A downloadable game for Windows, macOS, and Linux

A #cgajam MS-DOS game  (theme: history repeats itself) where you traverse a floating castle in Viana do Castelo to kill the demon Capiroto (again).

How to play:

z - Jump

x - Shoot arrow

c - Attack

Up - Shoot arrow up/climb stairs

Arrows - Move

Esc - Quit

Enter - Pause


Daniel Monteiro - Programming, audio and some art

Pedro Fernandes - Art

Update: experimental OPL2LPT support! To run with it, execute the main game with "viana opl2lpt"

As seen on 8-Bit Guy(18:59)

 The New Retro Show (12:50)

Toni Ortiz

And Jupy Plays Indie Games (3:58)

Install instructions

Tested on a real 486-SL 25Mhz running MS-DOS 7 and a Pentium 600Mhz running FreeDOS. 8 MB of RAM should be enough.

Runs cool on DOSBox.


CastleOfVianaV2.zip 367 kB


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(1 edit) (+1)

You just got featured on The 8 Bit Guy latest video (Ad-Lib Sound Card for the Parallel Port). I couldn't be more shocked when i saw the "Viana" hearth. I never ever expected to see something from my district on 8 Bit Guy! Great work man.

Can't jump, game softlocked. Running Windows 7.

I assume "climb stais" (nice typo btw) means to jump.

What do I do?

It's because you "stai" there =P Thanks for picking that typo.

Regarding the jumping, I assume that Windows might be messing with the shift detection? If you type stuff while holding shift after quitting the game, does it make the letters uppercase?

Thanks for reporting. I will release a newer version (fixing bugs, supporting VGA and adding experimental OPL2LPT support) in the next few days. This version is still the original one, written from scratch during a mad sprint, over 2 weeks.

Shift? I was pressing space. The shift detection is working, let me try using shift.


Sorry for being   s t u p

Is there some way to play it on windows?

you will need DOSBox or a older, 32-bit Windows.

Tested it on Windows Me, but should run fine in Windows 7.

With DOSBox, you could run it anywhere you fancy! :)

There is also a Emscripten-DOSBox version, but emulation is far from accurate.


Awesome, glad to see another entry that's written for DOS :) Out of curiosity, is this running in proper Mode 4h? Or Mode 13h with the CGA colours?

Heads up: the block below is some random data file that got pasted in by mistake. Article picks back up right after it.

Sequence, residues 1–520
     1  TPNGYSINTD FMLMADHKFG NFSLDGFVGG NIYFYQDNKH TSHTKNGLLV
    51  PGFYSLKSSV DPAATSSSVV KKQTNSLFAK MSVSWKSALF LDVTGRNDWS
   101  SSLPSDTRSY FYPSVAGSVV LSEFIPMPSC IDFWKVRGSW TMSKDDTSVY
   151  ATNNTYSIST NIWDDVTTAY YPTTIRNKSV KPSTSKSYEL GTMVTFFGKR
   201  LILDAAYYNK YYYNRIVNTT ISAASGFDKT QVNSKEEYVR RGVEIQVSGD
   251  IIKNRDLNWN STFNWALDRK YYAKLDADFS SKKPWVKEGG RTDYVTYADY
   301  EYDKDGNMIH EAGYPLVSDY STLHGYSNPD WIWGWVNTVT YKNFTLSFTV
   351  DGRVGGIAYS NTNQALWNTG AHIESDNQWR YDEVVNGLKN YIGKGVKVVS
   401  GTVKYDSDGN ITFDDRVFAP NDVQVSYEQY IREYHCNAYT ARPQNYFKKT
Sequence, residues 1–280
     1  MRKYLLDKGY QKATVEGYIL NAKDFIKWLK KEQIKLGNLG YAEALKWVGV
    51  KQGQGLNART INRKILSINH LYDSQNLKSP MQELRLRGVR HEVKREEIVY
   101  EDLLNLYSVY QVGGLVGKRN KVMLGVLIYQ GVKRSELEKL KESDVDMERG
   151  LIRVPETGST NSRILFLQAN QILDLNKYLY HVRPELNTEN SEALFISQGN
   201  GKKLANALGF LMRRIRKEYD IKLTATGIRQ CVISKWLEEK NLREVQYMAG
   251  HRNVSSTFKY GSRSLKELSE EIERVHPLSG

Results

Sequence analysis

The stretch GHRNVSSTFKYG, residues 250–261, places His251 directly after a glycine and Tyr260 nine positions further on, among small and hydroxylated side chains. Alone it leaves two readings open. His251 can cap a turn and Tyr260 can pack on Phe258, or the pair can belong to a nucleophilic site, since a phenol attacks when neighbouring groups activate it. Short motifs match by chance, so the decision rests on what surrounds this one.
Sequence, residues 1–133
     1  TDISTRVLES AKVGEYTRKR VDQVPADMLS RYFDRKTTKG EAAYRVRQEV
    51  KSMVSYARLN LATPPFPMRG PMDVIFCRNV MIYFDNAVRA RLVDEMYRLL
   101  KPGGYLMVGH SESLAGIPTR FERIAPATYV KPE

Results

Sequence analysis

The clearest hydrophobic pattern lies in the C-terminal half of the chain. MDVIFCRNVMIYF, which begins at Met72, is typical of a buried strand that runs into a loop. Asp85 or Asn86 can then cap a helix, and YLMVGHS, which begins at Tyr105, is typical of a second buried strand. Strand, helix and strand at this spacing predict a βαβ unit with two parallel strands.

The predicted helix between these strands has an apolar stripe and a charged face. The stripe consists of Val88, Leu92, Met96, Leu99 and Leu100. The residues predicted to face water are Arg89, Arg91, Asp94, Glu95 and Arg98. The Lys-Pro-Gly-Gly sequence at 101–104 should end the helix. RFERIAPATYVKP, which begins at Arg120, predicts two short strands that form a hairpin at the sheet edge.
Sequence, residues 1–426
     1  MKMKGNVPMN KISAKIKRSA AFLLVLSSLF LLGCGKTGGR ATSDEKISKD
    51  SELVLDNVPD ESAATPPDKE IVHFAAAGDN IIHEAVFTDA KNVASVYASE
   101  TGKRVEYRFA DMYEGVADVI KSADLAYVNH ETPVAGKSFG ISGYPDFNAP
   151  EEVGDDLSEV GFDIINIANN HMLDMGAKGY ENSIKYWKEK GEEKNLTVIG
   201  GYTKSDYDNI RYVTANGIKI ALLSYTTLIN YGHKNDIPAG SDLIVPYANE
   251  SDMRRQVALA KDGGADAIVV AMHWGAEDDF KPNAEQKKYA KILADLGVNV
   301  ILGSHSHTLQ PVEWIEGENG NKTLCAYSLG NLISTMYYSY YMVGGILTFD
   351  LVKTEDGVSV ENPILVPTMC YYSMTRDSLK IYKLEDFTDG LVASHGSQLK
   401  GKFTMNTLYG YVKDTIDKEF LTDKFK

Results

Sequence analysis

Hello there!

Thanks! This game uses mode 4h and writes to the interleaved memory pages - considering it's a 32 bit protected mode program, it's far from well described on the literature; but I eventually managed it. Somehow, I feel like I should have done like you: a 16 bit application. Well - I'm happy with my results anyway.

Congrats on your game!


Thanks, it's just a shame I couldn't get the performance going well enough. But going to keep at it, and see if I can get it to run on a 286..


SERIOUSLY... This game JAM needs a technical winner and is THIS game. NOW, this is programming the real thing.


A game that you really could have played back in time, very well done. One of the games that was  more "true" to the idea of making a CGA retro style game. Good job !

Thanks! In 1988, we could have earned some serious cash =-P

On a more serious note, it's funny how we can't realize the progress we got with compilers. To have the performance I got while updating the whole screen would have required coding some sick assembler. Towards the end of the deadline, I was getting sloppy and throwing std::vectors all over the place. With some more time and research, this could be optimized to even run on a lower end 386 (being fair - my 486 is quite low end; possibly slower than a high-end 386).

The code is not C++14-ish as my other releases, but still quite far from juggling registers - I might need some ASM for a interrupt handler in order to improve the controls (admittedly, the weakest link in this game).


You and your friend who did the art did an amazing job making this game, one of the best works I have seen lately. Although I dont do this for more than 8 years, I have coded in C++ and even Cobol =p, and thank god technology is way better nowadays. Congrats man !


Having played it (great job!), this actually could be optimized all the way down to an 8088, as the playfield doesn't scroll.  A challenge for the next CGA JAM, perhaps.  :)

Thanks Jim!

This certainly could be worked to run on a 8088, but I only have a 486 at my disposal. Also, I'm still not sure if modern versions of DJGPP are still capable of generating real mode code (used GCC 7, cross compiling from Ubuntu).

Anyway, I'm certainly not done with DOS Game Development :)


You have a few options in 2017 for making 16-bit DOS games coming from a 32/64-bit GCC background:  An old 16-bit compiler like Borland C or Turbo C; OpenWatcom which can compile to a 16-bit output; or probably the best option, a newly-released toolchain based on GCC 6.2 available here: https://blogs.mentor.com/embed... (if the link didn't make it through, google for "Sourcery CodeBench Lite for IA16").

My DOS retrocoding is in a mix of Turbo Pascal and assembler, as the TP IDE allows coding/debugging on the old hardware itself.  But I'm old, and quite insane.

Took me a while, but I finally got GCC-IA16 to work well and even display some basic CGA graphics.

The lack of far pointers leads me believe I will have to rely on ASM for that, right?

Considering I already have to do it for keyboard anyway..


oooh, I like this